Friday, December 10, 2021

Our House is on a Floodplain. Why? Clay Stratification

Our house in North York/Toronto is on a floodplain.

I learned this recently thanks to a helpful neighbour. I was walking home from dropping off my son at school, and one of our neighbours was doing the same after dropping off his son, and we were both looking at the new construction of a building near the school.

The new building has a giant basement. Two stories. Something similar to an "iceberg home" where most of the house is actually below ground.

My neighbour was laughing at it however and predicted that it was going to get flooded...

And that was when I learned our entire neighbourhood was on a floodplain.

It wasn't something we were told about when we leased the property, but it is definitely an issue.

Now you might think, like I did: "Wait, isn't our house on a hill? How can it be on a floodplain?"

The problem is the soil.

Clay Stratification

Most drainage issues are caused by clay soil. A minor issue will be that you have standing water after a heavy rainfall for less than a day, and it will be more noticeable in your front yard and backyard. Clay soil is more dense than sandy or loamy soil, and therefore, is slower to allow rainwater to filter through it.

Clay Stratification is when you have multiple layers of dense clay, the result of millions of years of rainfall, rivers and flooding, etc. When one layer of clay stratification becomes flooded it acts like a barrier, so that water above it just sits there and can only move sideways, but not down.

Get too much water all at once, and the next thing you know your basement is flooded because it acts like a well where the water can collect. Many basements aren't designed to withstand that much water trying to get in. This is a big problem for many parts of Toronto because clay stratification is actually surprisingly common.

Why does Toronto have so much clay stratification?

Go back 12,000 years ago and all of Toronto, the GTA and the Great Lakes region was under a big inland sea. As time went by the water levels receded and it left behind layers of clay bits and loamy bits, resulting in many layers of clay and loam.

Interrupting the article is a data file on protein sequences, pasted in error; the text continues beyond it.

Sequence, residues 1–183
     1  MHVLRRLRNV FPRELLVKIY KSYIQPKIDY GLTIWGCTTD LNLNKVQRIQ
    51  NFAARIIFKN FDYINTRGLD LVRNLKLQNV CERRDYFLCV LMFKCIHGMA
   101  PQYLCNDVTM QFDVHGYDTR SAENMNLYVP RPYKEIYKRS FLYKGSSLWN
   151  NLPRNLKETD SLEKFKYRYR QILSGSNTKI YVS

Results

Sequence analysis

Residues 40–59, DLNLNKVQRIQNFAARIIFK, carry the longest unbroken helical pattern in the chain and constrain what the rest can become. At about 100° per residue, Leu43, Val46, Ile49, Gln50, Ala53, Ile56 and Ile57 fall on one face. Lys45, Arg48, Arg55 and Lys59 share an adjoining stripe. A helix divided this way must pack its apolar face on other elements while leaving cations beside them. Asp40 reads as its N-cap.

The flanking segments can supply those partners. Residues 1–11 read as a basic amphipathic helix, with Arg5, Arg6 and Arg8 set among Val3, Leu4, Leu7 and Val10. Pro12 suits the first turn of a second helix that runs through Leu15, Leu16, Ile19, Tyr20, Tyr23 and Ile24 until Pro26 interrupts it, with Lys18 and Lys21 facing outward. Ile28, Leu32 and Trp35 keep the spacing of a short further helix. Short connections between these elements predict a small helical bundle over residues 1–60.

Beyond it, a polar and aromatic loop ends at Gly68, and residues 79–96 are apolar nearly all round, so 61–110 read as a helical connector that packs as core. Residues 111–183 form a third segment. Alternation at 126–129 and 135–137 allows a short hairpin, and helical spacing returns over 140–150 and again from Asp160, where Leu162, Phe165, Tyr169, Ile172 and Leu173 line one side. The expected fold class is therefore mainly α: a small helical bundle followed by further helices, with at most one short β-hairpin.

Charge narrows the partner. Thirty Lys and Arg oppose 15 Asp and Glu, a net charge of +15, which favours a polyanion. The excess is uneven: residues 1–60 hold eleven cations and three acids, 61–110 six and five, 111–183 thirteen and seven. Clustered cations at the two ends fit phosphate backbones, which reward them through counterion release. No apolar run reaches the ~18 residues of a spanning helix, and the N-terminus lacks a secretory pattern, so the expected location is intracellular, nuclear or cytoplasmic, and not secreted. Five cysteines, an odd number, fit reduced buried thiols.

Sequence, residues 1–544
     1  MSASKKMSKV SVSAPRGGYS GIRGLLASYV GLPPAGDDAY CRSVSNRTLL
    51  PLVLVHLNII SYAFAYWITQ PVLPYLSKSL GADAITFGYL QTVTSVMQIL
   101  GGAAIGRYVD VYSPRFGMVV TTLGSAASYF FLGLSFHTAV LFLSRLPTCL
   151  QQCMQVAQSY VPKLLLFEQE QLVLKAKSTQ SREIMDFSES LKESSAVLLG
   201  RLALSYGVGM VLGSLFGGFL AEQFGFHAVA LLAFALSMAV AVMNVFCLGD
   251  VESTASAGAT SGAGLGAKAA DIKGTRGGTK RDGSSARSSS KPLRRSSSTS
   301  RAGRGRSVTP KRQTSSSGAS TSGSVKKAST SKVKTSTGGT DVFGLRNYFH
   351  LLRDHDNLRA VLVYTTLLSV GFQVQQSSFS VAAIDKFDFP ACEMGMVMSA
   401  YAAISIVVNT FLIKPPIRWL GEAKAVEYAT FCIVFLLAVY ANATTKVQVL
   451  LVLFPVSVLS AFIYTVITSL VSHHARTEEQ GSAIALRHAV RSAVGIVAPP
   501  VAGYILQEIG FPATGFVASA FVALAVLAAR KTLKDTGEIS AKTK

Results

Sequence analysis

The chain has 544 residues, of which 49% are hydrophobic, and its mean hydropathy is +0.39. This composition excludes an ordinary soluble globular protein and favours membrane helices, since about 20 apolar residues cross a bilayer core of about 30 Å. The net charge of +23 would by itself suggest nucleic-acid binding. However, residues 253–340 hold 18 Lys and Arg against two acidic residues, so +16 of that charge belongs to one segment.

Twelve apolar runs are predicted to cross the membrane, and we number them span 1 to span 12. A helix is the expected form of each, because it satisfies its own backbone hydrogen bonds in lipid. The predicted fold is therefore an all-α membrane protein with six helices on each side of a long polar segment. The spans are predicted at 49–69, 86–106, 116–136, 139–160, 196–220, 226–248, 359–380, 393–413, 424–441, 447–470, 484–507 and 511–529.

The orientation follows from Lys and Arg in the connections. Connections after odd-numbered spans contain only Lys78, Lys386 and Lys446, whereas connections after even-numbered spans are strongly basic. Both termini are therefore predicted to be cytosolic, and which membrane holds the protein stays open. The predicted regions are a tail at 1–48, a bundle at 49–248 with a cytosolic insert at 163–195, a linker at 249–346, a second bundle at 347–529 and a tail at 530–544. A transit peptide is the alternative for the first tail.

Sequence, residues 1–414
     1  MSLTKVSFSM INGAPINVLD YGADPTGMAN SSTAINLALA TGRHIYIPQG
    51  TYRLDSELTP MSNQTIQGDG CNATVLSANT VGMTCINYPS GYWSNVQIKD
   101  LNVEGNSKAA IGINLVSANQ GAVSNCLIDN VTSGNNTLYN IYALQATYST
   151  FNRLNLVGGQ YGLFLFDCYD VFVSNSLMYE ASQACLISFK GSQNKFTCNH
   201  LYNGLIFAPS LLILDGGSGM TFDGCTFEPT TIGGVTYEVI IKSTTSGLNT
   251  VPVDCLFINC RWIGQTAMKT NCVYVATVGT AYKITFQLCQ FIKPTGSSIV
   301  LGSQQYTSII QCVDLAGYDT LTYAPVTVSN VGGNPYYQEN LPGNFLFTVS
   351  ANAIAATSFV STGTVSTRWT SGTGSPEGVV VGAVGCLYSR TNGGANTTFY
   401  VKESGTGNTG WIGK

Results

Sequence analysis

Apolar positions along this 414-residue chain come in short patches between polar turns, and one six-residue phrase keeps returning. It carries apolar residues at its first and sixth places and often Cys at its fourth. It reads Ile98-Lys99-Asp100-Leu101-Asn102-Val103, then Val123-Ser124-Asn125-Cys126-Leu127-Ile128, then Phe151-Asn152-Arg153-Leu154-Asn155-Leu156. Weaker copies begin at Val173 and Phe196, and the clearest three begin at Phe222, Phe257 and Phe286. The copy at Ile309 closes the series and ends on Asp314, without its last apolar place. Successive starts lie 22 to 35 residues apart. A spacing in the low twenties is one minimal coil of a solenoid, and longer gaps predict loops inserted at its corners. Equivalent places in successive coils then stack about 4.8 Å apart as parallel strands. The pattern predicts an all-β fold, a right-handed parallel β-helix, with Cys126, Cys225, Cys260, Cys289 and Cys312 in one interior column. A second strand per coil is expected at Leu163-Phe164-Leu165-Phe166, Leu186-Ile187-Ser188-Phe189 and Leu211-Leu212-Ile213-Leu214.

Factor in that Toronto is also effectively an ancient river delta, and yeah... That's a lot of clay.

So what can you do about it?

Knowledge is key.

#1. You need to ask "Is this property on a floodplain?"

And make a note of how the owners respond.

#2. Get it in writing.

Because people do lie about floodplains and it can lead to lawsuits when people later find out that they bought property on a flood plain. (Or bought a house with mold problems. Or bought a house with termites. The previous owners need to be disclosing these problems.)

#3. Ask "What steps have been taken to prevent flooding?"

Because chances are likely if your property is in Toronto, then it is probably on a flood plain. Even if it is on top of a hill.

#4. Get home owners insurance.

But you might also get other types of insurance too. Eg. Buyer's Title Insurance for example. Or Mortgage Insurance if you are getting a mortgage.

And flood insurance if you are in a high risk location.

Basement Flooding on the Rise thanks to Climate Change

Yeah... So this isn't a problem that is just going to go away. Places that aren't traditionally thought as being flood prone these days are getting flooded anyway. Climate Change means that Toronto now has a rainy season from April to May.

And we can still get large deluges of water thanks to freak rainstorms like that one on July 8th 2013.

I was outside when that flood happened. Toronto got 126 mm of rain in only a few hours. And while that doesn't seem like much, remember that water flows downhill and will flood basements, parking garages, subway stations, floodplains, lower streets, etc along the way.

Here's some video of what happened on July 8th 2013:

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